California’s economy has been booming for most of this decade and has generated a cornucopia of tax revenues for state and local governments.
The state has benefited most, because it collects income taxes. Californians’ taxable incomes have been soaring, especially for those atop the economic ladder, whose tax rates also have been increased.
The state has shared much of its multibillion-dollar windfall with schools, as required by the California constitution, increasing per-pupil spending about 50% in recent years.
Nevertheless, many school districts are in financial distress due to declining enrollment, unsustainable, irresponsible salary increases and, finally, state-mandated increases in payments to the California State Teachers Retirement System to offset its unfunded pension liabilities.
Last week, state Auditor Elaine Howle reported that audits of three big school districts revealed that state aid meant to enrich the educations of poor and English-learner students has often been diverted to cover budget holes.
Many school districts have asked voters for tax increases to close their budget gaps, most commonly through “parcel taxes,” which are levied on real estate. And the California School Boards Association is sponsoring a 2020 ballot measure that would hike personal and corporate income taxes to raise about $15 billion a year for schools.
Schools, however, are not the only local governmental agencies in fiscal distress. Cities, which receive almost no state aid and depend largely on local property and sales taxes, are also feeling the pinch for many of the same reasons.
Prior to issuing her report on schools, Howle released another revealing study on the fiscal health of California’s nearly 500 cities, highlighting those in the worst straits.
Generally, most in trouble are small cities, either in rural areas or in urban cores, whose residents have low incomes. No. 1 on the list is Compton, whose travails have been well documented over the years, and No. 5 is Calexico in Imperial County.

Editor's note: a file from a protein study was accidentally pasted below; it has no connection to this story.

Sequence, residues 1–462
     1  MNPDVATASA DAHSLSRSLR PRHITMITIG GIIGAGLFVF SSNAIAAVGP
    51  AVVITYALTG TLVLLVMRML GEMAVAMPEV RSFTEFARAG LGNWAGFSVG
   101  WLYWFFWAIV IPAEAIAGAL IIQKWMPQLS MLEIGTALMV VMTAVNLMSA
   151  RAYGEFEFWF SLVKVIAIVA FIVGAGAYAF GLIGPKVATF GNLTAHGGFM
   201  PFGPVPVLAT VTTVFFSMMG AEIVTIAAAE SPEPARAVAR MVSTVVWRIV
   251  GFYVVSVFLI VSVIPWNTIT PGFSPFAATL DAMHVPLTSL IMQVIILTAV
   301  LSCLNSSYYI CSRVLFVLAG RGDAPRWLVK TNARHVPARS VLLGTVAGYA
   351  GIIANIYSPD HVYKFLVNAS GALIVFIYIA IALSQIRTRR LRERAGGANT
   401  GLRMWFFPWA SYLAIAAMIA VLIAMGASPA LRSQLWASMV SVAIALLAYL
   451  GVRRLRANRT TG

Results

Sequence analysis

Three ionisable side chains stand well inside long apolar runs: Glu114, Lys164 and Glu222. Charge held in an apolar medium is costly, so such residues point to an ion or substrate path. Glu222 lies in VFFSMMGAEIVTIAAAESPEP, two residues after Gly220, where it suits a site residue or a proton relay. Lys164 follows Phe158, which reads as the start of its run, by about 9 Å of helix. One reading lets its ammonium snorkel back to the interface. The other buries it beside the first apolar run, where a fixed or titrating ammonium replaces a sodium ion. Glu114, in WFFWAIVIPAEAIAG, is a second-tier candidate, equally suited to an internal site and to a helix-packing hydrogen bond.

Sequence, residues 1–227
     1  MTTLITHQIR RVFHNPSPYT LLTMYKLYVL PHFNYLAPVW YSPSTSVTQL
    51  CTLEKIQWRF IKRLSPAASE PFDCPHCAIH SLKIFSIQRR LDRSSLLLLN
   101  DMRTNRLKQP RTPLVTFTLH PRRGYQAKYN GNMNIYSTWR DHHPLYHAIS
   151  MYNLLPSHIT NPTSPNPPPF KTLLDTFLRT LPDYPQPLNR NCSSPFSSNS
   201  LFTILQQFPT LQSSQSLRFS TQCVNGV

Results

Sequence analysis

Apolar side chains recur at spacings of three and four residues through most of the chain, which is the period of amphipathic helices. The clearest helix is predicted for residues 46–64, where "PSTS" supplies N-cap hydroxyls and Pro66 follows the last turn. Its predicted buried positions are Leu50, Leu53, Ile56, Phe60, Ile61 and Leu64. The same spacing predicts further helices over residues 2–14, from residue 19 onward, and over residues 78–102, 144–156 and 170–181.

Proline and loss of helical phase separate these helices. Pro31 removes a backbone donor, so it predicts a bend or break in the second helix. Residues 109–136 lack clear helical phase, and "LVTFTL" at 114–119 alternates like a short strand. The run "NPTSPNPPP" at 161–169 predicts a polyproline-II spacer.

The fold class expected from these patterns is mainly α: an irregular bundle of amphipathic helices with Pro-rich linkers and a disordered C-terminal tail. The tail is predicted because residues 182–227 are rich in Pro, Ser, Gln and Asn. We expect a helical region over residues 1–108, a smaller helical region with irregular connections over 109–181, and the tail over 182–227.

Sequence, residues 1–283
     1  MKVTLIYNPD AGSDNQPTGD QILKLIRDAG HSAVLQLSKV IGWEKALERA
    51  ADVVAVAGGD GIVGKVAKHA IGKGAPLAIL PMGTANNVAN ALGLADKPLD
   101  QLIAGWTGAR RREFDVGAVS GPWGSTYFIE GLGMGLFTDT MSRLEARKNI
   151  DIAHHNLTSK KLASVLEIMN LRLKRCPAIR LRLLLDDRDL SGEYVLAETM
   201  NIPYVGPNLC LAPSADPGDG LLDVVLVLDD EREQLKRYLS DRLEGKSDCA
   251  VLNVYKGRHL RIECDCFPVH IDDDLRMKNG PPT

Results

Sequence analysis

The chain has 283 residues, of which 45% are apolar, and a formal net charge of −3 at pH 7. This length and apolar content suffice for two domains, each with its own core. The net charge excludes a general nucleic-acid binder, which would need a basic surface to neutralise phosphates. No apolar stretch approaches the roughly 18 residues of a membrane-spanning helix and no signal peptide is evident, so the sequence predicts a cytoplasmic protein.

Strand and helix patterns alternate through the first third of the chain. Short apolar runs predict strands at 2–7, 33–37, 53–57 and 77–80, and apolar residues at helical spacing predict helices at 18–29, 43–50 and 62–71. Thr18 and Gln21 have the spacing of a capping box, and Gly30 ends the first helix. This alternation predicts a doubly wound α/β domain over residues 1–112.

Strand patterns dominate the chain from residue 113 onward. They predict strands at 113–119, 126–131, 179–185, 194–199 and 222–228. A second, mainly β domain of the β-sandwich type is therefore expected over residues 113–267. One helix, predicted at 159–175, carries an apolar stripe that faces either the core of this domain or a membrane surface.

However, there are also a few larger cities that Howle highlighted, such as Oakland, No. 13 on the statewide list, and even San Diego, deemed to be one of the top three “fiscally challenged” cities in its region, though it fared better than Los Angeles.
The ratings are based on several factors, including liquidity, debt burden, financial reserves, revenue trends and retirement obligations. It’s clear that the last one looms very large.
The California Public Employees Retirement System saw its trust fund plummet in value during the Great Recession as its pension obligations mushroomed, leaving it with only slightly more than 70% of the assets needed to fully pay promised pensions and — so far, at least — unable to recover fully from its investment losses.
Therefore, CalPERS has been ramping up mandatory payments from local governments to reduce what it calls its “unfunded actuarial liability.” Cities get hit the hardest because they employ large numbers of police officers and firefighters who have the highest pensions and therefore the highest pension costs.
It’s not unusual for contributions for employees in so-called “safety systems” to reach 50% of payroll, and CalPERS has told city officials they will continue to climb.
Throughout the state, cities have asked their voters for tax increases, usually sales taxes but sometimes parcel taxes, to close their budget gaps with mixed results. But tax increases are particularly difficult to pass in communities with large numbers of low-income residents.
Howle’s report not only shines some much-needed light on municipal finances but includes an Internet portal for Californians to check on their own cities. And sunshine is the best disinfectant for bad management.
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